WASHINGTON - Before war protesters ended their demonstration yesterday, several placed cardboard coffins in front of the offices of northern Virginia defense contractors such as KBR Inc. and Lockheed Martin Corp., as riot police stood by.

"Lockheed Martin, you can't hide, we charge you with genocide!" they chanted as part of a demonstration that began in Washington to mark the sixth anniversary of the invasion of Iraq.

Arlington County, Va., police said that there were 2,500 to 3,000 protesters and that no arrests were made.

Organizers from the ANSWER (Act Now to Stop War and End Racism) Coalition said more than 1,000 groups had sponsored the protest to call for an end to the Iraq war, and estimated that 10,000 people participated.

Carrying signs that read "We need jobs and schools, not war" and "Indict Bush," demonstrators beat drums and played trumpets as they marched from near the Lincoln Memorial past the Pentagon into Virginia.

At a similar protest in San Francisco, tensions grew after four or five dozen activists surrounded a group of riot-equipped police, throwing sticks and water bottles. Police regrouped in riot formation and detained several protesters who pushed and shoved with officers.

Protest leaders shouted from the stage, urging police to leave.

Barriers were quickly erected between police and protesters as an organizer urged calm, and the activists started to disperse.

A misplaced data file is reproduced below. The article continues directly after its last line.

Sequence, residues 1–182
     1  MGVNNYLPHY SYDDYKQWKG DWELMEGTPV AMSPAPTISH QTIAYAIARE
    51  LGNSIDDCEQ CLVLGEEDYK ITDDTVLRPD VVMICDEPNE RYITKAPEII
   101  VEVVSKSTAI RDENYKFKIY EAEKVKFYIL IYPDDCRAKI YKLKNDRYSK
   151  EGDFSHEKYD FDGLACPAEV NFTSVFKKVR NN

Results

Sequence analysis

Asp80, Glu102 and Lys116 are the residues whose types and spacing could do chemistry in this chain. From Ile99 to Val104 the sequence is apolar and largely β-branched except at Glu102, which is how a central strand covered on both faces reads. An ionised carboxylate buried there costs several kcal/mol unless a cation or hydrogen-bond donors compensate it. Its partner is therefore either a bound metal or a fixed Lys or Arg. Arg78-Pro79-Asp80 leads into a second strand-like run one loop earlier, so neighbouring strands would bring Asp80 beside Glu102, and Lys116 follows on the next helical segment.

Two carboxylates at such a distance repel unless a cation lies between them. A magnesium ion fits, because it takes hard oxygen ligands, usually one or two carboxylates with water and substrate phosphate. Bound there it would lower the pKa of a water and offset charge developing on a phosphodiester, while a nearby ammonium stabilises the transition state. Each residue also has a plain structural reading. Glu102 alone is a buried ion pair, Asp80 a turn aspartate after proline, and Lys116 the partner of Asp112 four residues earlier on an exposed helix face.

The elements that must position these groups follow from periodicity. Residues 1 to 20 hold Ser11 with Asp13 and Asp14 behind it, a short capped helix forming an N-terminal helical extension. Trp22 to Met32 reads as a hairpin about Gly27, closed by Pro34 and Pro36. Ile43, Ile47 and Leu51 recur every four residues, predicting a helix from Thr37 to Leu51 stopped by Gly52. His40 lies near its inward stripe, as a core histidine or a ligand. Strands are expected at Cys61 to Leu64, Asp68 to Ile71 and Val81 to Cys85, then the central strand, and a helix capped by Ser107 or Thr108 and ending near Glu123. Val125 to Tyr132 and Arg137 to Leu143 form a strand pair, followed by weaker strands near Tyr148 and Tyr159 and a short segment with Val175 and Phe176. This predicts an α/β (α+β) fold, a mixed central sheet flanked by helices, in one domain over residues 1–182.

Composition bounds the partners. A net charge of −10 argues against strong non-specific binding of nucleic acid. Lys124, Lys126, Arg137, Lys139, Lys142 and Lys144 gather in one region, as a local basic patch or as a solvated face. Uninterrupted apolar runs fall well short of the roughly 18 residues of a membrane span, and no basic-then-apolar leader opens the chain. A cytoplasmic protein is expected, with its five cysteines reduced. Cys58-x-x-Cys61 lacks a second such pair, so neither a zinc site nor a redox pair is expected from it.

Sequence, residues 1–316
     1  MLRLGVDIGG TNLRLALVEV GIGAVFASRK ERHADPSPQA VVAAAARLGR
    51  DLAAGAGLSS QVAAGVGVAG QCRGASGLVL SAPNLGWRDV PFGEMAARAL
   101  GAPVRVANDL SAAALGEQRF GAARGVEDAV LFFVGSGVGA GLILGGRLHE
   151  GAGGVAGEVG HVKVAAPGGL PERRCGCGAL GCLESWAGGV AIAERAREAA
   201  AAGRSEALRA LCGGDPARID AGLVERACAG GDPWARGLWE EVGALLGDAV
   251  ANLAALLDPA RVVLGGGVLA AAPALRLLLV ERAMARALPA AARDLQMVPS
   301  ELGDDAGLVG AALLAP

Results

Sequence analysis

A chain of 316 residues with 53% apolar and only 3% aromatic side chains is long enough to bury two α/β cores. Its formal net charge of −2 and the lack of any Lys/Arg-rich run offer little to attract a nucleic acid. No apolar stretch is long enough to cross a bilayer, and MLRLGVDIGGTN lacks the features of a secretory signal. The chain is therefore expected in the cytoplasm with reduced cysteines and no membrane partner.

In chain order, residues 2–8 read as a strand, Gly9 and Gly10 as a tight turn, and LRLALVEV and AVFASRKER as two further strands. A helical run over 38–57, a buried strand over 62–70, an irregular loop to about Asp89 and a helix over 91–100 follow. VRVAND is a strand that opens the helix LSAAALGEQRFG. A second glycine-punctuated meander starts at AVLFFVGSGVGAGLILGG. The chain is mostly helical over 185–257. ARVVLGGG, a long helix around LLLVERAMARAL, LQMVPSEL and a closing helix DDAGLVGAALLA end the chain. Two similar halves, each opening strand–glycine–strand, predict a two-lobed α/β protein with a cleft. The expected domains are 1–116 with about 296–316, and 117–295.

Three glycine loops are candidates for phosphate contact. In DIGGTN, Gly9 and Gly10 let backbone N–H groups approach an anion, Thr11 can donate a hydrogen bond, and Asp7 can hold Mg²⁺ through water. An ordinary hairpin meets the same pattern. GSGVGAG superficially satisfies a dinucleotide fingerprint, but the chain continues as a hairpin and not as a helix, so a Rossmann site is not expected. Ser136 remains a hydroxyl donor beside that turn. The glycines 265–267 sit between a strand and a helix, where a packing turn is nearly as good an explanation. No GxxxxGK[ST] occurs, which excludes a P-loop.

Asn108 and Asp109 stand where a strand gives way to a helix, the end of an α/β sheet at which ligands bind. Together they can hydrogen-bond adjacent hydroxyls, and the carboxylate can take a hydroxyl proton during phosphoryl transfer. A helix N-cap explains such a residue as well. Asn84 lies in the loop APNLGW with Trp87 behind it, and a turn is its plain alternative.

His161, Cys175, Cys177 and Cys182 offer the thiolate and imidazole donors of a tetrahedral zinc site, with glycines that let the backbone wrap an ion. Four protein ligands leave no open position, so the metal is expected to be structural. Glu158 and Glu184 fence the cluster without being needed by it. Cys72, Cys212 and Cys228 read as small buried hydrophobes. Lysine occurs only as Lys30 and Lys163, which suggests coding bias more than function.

In Washington, protesters demanded that President Obama immediately withdraw all U.S. troops from Iraq, saying that thousands of Iraqis had died and thousands of American troops had been killed or wounded.

"We think it's especially important for this new administration to feel the pressure from people that we don't want more war," said Obama supporter Pat Halle, 59, of Baltimore.

Antiwar activists said that even though former President George W. Bush was out of power, they were disappointed with what they saw as stalled action from Obama.

"Obama seems to be led somewhat by the bureaucracies. I want him to follow up on his promise to end the war," said Perry Parks, 66, of Rockingham, N.C., who said he served in the Army for nearly 30 years, including in Vietnam.

Obama has said he planned to withdraw roughly 100,000 troops by summer 2010. He has promised to pull out the last U.S. troops by the end of 2011, in accordance with a deal Iraqis signed with Bush.

As of March 13, about 138,000 U.S. troops were in Iraq.

In southern California, hundreds of protesters gathered in Hollywood. Among them were peace advocate Cindy Sheehan, whose son was killed in Iraq; Oscar-winning screenwriter Paul Haggis; and Ron Kovic, a paralyzed Vietnam veteran whose story was chronicled in the book and film Born on the Fourth of July.

Protesters in Los Angeles were expected to follow a rally with a march and then a symbolic "die-in," in which they planned to lie down in a major Hollywood Boulevard intersection to symbolize the soldiers who have died.